This has in fact more to do with the search function than with a search interface: Enterprise Search is good at pulling together all relevant information on a given topic, providing the notorious 360° view. In the long run, systems administrators will not want to have a “Google-like” interface to see the 360° view of the problem domain they are working on. They will probably want a mix of dashboards, facets and lists ordered by relevance. Such interfaces will be part of Search Based Applications on top of a Unified Information Access platform (aka as Enterprise Search platform).

A strategic disconnect between IT and business leaders can often drive IT professionals to have to build the case for innovative enterprise search software. In, “Podcast Offers Tips on Building Business Case for Enterprise Search” the following recommendations were given:

*The first steps to take to show business leaders the real value that enterprise search has to offer and convince them it’s time to implement a search program;

*Key questions that project managers and business stakeholders within an organization should ask of themselves when developing a formal enterprise search technology business strategy;

*The change management aspect of putting an enterprise search program in place;

*Liewehr’s take on how to build an enterprise search team and who should be in charge of shepherding the project;

*How enterprise search technology can be used to support; and

*Best practices on how to develop an enterprise search technology review process to ensure adoption and implementation success.

Enterprise organizations of all shapes have a need for enterprise search and while none of the articles referenced here pointed to the innovative aspects of current search technologies that does not mean there are no companies enjoying an advantage because of them. The fact that there are still many mentions purely in regards to enterprise search shows that the core technology is absolutely essential. Of course, semantic capabilities and the spread across structured and unstructured data that Unified Information Access offers are the type of search technologies that will be brining home stronger ROI and the implication of business stakeholders.

Jane Smith, May 1, 2013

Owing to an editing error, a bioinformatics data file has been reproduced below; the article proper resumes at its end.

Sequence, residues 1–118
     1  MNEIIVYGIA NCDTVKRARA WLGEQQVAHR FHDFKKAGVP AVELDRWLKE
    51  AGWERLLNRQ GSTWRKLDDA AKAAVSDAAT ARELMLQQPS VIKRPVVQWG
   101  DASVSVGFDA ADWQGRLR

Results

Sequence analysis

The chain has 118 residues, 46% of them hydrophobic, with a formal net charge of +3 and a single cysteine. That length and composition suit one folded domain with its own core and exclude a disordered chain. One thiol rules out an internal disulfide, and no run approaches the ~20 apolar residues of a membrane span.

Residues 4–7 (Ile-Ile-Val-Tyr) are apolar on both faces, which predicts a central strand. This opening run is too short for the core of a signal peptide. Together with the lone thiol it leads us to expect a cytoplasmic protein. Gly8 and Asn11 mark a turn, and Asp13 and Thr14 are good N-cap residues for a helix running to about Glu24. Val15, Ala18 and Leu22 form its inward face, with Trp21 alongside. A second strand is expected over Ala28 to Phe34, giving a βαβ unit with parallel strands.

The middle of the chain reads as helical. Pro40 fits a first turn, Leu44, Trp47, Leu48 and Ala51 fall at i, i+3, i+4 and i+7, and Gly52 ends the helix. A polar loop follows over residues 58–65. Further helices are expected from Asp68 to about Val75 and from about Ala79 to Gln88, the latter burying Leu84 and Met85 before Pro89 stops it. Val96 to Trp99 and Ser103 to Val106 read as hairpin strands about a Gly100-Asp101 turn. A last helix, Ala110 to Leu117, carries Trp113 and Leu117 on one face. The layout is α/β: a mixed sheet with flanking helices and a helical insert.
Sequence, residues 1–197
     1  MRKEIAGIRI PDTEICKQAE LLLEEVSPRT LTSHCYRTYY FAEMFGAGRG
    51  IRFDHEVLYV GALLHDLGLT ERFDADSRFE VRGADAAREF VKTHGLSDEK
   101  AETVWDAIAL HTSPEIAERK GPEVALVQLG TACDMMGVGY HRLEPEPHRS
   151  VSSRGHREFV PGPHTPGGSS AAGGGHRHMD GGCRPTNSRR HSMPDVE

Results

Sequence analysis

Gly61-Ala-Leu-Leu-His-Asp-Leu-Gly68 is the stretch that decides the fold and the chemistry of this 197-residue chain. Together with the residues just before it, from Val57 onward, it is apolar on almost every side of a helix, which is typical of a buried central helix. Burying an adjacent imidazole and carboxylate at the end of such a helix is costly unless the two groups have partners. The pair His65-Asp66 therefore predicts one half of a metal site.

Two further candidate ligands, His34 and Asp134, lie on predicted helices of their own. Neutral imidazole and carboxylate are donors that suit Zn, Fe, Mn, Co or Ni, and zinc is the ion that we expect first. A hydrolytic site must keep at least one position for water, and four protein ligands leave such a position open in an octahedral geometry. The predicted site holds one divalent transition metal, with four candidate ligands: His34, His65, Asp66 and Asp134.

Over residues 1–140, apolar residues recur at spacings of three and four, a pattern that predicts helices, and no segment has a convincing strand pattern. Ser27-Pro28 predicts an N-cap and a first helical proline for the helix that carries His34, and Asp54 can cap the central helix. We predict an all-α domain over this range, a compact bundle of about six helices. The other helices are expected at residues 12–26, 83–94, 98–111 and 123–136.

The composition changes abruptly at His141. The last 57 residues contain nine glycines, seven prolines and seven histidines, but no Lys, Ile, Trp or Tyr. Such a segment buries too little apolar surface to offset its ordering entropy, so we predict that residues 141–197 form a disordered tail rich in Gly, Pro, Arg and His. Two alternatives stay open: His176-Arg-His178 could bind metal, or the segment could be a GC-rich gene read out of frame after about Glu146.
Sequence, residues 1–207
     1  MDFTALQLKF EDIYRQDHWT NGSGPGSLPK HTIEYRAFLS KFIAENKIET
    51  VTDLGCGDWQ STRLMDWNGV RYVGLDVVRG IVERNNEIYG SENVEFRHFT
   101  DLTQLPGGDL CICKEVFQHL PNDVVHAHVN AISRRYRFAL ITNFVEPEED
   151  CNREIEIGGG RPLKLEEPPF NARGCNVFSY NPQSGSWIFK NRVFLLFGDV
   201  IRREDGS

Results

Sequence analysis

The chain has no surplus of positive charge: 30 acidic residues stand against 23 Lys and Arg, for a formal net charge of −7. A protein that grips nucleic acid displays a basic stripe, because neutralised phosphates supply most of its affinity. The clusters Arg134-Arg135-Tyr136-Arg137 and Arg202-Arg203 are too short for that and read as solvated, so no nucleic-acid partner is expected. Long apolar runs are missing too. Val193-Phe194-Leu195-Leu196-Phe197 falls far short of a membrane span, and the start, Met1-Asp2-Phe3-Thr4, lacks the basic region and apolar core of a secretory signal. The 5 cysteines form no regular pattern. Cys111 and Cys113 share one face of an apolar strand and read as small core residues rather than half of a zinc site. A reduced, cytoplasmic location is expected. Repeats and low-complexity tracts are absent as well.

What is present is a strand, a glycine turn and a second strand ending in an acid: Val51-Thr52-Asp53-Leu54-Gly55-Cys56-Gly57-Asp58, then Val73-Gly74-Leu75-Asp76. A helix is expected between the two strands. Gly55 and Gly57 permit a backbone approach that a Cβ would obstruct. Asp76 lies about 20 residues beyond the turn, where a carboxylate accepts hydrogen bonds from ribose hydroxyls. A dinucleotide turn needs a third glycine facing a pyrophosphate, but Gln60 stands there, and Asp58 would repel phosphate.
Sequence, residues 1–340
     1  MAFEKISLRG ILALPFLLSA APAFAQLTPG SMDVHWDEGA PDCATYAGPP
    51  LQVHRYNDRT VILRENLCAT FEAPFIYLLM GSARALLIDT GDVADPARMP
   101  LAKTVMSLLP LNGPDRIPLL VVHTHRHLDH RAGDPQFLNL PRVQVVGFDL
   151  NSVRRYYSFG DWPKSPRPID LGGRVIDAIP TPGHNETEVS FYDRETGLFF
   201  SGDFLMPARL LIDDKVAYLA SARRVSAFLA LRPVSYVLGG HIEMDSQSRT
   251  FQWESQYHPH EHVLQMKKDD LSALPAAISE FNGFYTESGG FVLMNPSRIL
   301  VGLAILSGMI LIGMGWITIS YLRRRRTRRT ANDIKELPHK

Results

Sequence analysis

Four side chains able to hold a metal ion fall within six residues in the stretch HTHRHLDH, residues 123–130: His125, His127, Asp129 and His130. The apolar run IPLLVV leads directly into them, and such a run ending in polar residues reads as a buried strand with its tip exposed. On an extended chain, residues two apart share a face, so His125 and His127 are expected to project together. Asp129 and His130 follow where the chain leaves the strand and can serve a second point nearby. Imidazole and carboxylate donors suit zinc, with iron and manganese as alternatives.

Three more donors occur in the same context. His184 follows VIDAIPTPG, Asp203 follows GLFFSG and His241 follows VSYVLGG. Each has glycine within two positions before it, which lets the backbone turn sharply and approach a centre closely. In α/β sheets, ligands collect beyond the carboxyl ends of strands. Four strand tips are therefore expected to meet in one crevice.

Sponsored by, developer of Beyond Search

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The Heat in The Trend Point: April 15 to April 19

In The Trend Point, we have seen visualization and end user output presentation become a topic of prevalence recently.

Some sources report that visualization tools are still in the early phases of evolution. According to the article referenced in “From Raw Data to Informed Visualization“:

I would say that it is all very contingent. As we know, there are good visuals and there are bad visuals, and we’ve all seen a lot of bad visuals in PowerPoint, for example. Edward Tufte has made a pretty good living demonstrating there are really bad approaches to visuals that often occur in PowerPoints. I think we are probably a lot farther along in the world of narrative — we’ve been doing that for thousands of years — than we are in visual displays of information. I think we are really just finding our way now.

One article, “Data and Graphics Matched Through Search and Visualization,” suggested that not all data needs to be visualized, Jim Stikeleather of the Havard Business Review shares that in the end, the concept of translating the minutia of data points into something that is both interpretable and relevant is most important:

Ultimately, data visualization is about communicating an idea that will drive action. Understanding the criteria for information to provide valuable insights and the reasoning behind constructing data visualizations will help you do that with efficiency and impact.

Another article posits that visualization is the natural best method to present data. The source pointed to in “Visualization Must Be Included in Search and Analytics” tells us:

 One of the best ways to get your message across is to use a visualization to quickly draw attention to the key messages, and by presenting data visually it’s also possible to uncover surprising patterns and observations that wouldn’t be apparent from looking at stats alone … By visualizing information, we turn it into a landscape that you can explore with your eyes, a sort of information map. And when you’re lost in information, an information map is kind of useful.

Is data visualization not the same as simply developing and idea and sharing it in an accessible way? A new name for the basics of creating and presenting information is fine. However, as far as Sinequa‘s technology goes, it provides a much easier and more intuitive user experience for delivering real time and agile information and insights to users. It does not deliver the one picture that will hit you between the eyes and make you act near-automatically (why would we need a human to provide that reaction?). The interaction paradigm is that of “ping-pong between human and search engine. There is no need to involve complex business intelligence codes. Innovative enterprise search is the core that facilitates this kind of representation through a graphical interface.

Jane Smith, April 24, 2012

Sponsored by, developer of Augmentext.